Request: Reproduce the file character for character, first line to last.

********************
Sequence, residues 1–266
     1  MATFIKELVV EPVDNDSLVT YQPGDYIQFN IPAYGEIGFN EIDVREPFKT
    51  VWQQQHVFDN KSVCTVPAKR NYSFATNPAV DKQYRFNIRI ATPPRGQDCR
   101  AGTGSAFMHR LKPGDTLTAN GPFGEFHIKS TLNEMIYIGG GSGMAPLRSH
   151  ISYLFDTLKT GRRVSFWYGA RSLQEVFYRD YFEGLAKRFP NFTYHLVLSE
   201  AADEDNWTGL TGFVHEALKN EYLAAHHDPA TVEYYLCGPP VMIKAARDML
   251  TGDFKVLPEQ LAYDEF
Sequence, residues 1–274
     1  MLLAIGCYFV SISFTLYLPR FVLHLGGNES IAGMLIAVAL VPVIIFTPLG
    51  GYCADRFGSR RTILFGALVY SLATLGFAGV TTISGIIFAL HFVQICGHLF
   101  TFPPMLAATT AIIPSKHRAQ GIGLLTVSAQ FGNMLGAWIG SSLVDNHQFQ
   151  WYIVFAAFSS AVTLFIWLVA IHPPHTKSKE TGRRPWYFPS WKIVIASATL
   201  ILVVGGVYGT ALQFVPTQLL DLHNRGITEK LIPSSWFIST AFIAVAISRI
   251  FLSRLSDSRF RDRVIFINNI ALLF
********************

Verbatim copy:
Sequence, residues 1–266
     1  MATFIKELVV EPVDNDSLVT YQPGDYIQFN IPAYGEIGFN EIDVREPFKT
    51  VWQQQHVFDN KSVCTVPAKR NYSFATNPAV DKQYRFNIRI ATPPRGQDCR
   101  AGTGSAFMHR LKPGDTLTAN GPFGEFHIKS TLNEMIYIGG GSGMAPLRSH
   151  ISYLFDTLKT GRRVSFWYGA RSLQEVFYRD YFEGLAKRFP NFTYHLVLSE
   201  AADEDNWTGL TGFVHEALKN EYLAAHHDPA TVEYYLCGPP VMIKAARDML
   251  TGDFKVLPEQ LAYDEF
Sequence, residues 1–274
     1  MLLAIGCYFV SISFTLYLPR FVLHLGGNES IAGMLIAVAL VPVIIFTPLG
    51  GYCADRFGSR RTILFGALVY SLATLGFAGV TTISGIIFAL HFVQICGHLF
   101  TFPPMLAATT AIIPSKHRAQ GIGLLTVSAQ FGNMLGAWIG SSLVDNHQFQ
   151  WYIVFAAFSS AVTLFIWLVA IHPPHTKSKE TGRRPWYFPS WKIVIASATL
   201  ILVVGGVYGT ALQFVPTQLL DLHNRGITEK LIPSSWFIST AFIAVAISRI
   251  FLSRLSDSRF RDRVIFINNI ALLF